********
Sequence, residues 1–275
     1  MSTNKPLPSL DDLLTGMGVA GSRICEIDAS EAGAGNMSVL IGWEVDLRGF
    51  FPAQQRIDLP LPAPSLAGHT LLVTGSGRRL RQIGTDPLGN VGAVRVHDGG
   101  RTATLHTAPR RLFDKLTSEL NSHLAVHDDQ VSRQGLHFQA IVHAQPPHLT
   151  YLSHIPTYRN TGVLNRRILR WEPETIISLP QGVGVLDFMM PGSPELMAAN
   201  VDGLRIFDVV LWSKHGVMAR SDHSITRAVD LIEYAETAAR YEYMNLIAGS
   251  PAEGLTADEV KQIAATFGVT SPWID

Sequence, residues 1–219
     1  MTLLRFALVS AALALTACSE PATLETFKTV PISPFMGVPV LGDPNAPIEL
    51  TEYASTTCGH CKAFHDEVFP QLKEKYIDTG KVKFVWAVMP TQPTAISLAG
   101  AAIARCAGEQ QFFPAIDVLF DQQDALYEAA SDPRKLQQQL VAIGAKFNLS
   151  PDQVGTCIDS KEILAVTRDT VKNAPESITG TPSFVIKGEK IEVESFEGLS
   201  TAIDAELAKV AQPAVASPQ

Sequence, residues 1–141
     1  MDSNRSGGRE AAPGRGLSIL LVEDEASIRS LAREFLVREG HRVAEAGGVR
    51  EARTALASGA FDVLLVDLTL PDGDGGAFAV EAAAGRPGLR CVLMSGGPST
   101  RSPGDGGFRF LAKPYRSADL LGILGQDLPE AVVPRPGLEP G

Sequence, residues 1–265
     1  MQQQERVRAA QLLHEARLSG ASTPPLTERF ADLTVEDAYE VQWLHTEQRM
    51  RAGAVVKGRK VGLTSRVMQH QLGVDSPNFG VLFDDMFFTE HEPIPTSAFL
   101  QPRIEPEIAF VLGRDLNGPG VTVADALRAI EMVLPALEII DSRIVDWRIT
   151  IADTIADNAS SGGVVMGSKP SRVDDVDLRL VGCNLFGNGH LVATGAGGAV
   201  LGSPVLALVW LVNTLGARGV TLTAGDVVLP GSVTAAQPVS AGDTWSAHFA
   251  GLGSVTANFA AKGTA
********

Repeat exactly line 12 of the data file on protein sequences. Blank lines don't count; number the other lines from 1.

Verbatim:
   151  PDQVGTCIDS KEILAVTRDT VKNAPESITG TPSFVIKGEK IEVESFEGLS